Monday, December 18, 2006

Late swerve - surveying the alley

Thornbury Rugby Club alley has been roughly surveyed with Dr Harbottle's patent cast iron spirit level. There is a slight upward slope along the final three quarters of the alley and a very shallow depression across the alley in the last quarter before the pins. Is the latter sufficient to produce late swerve? And is the late swerve that we observe from either side of the alley towards the centre?

Log in after the festive season for the next exciting instalment in our search for the last refuge of the scoundrel skittler.

Tuesday, December 05, 2006

Late swerve - the phenomenon

So last season's project to webcast from the alley drew to an unsatisfactory conclusion, limited by funds rather than technology - wife saw vodafone bill!

This season my chosen topic is late swerve, defined as the ability (or uncontrollable tendency) to make the ball swerve within the last third of the alley as it approaches the skittles. We all know that it happens occasionally and, all other things being equal, we know that it can dramatically increase the chances of hitting wood. So what causes it?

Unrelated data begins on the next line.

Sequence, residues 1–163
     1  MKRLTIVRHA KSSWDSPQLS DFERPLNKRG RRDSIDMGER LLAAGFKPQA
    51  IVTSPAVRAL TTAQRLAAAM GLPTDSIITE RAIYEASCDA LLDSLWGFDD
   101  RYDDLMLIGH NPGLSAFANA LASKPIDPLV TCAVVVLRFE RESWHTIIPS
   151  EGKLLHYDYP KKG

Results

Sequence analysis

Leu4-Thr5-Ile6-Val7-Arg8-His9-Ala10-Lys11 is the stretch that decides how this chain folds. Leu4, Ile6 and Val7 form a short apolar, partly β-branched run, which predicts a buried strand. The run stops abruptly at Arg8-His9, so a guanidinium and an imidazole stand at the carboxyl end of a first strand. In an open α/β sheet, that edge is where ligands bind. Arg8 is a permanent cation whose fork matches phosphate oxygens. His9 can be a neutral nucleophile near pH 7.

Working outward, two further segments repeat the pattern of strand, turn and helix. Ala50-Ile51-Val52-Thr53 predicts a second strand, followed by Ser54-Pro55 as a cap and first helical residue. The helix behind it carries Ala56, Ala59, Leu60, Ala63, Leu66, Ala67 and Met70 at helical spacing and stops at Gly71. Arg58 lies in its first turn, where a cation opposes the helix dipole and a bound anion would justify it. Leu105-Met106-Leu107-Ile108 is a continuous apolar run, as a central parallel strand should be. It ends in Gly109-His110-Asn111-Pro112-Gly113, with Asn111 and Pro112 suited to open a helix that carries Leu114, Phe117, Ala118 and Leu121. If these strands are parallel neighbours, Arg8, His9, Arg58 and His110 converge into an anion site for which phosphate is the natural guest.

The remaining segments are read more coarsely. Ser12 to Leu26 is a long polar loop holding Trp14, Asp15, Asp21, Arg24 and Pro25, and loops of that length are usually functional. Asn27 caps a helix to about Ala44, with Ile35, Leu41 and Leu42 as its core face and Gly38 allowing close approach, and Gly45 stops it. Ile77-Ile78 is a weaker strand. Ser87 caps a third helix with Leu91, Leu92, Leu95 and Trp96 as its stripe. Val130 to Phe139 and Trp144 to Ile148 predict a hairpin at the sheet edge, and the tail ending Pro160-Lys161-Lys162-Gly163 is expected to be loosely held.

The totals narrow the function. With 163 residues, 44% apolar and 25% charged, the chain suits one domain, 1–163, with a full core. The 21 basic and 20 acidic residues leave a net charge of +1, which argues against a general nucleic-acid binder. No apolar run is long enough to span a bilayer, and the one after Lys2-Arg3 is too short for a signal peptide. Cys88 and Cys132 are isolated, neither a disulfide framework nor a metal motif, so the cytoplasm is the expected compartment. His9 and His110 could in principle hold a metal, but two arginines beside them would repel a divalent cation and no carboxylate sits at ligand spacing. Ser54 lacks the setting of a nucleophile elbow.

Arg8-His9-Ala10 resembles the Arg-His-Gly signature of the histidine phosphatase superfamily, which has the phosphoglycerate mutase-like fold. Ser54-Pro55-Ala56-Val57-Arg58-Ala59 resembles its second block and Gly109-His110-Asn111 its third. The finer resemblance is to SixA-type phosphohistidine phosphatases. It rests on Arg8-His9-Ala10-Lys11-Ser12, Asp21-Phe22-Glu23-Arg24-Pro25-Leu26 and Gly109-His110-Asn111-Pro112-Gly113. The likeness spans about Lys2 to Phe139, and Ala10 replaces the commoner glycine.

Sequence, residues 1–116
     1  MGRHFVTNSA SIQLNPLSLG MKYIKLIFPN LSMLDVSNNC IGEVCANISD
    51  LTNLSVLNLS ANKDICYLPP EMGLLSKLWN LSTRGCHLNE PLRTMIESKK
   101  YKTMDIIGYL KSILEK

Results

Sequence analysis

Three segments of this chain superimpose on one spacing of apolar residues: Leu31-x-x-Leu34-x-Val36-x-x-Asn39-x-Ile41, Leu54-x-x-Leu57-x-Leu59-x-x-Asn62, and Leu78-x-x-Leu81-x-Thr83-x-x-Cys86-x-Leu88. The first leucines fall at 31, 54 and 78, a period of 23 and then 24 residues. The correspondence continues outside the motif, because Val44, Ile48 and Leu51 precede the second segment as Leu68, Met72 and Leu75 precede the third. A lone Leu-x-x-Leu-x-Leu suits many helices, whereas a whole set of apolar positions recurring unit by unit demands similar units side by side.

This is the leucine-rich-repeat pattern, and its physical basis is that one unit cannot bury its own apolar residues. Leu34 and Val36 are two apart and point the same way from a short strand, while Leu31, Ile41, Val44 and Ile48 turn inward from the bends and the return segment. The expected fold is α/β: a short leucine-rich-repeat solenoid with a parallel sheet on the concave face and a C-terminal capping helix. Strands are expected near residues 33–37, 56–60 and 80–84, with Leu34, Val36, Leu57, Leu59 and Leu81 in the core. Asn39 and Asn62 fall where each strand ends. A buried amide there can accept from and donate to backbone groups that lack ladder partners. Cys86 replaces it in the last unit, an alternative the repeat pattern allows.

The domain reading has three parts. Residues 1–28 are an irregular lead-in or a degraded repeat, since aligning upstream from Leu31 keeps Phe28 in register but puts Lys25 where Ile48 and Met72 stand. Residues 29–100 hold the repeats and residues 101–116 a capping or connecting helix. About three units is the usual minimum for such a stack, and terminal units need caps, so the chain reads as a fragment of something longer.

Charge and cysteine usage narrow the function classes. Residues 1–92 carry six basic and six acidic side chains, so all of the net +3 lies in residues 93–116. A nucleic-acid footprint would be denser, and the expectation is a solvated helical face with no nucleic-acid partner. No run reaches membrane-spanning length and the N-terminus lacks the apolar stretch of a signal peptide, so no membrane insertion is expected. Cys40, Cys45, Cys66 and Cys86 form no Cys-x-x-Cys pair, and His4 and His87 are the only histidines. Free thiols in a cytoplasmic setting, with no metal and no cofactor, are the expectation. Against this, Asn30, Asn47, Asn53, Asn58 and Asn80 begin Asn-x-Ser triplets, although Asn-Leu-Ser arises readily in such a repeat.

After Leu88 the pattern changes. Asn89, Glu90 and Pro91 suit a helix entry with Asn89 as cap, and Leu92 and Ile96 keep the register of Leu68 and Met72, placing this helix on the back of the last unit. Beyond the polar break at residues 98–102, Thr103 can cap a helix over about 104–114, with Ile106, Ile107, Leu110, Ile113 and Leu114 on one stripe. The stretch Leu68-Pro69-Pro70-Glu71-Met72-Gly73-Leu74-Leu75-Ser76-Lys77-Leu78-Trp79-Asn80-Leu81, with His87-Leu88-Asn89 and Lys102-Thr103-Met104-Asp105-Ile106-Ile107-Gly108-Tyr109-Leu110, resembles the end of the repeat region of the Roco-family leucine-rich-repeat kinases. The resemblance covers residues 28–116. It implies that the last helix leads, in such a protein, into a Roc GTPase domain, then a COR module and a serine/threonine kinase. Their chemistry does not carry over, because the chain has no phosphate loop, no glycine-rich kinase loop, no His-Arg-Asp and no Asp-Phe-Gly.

Let's start with a visit to The Geordies website where analysis is presented for the swerve of a perfectly spherical, homogeneous spinning ball on a perfectly plane horizontal alley. The conclusion is that any swerve should be exhibited within the first third of the ball's travel down the alley; thereafter the trajectory should be straight. This finding was investigated by nuclear ballistics expert Dr John Harbottle and Head Coach Jeff Price in experiments under carefully controlled conditions on The Geordies home alley at Thornbury Rugby Club on 4 December 2006. Most of the time the swerve due to spin was exhibited only within the first third of the alley. Yet late swerve occurred occasionally!

So we conclude that the phenomenon exists and must be a manifestation of some feature(s) of a real ball on a real surface.

The tests completed by Harbottle and Price showed that delivery of The Geordies' balls without spin resulted in no swerve, neither early nor late. We conclude that the Thornbury Rugby Club alley is a good approximation to the ideal - plane and horizontal. My future theoretical exploration must therefore probe the impact on dynamics caused by the departure of our balls from the ideal.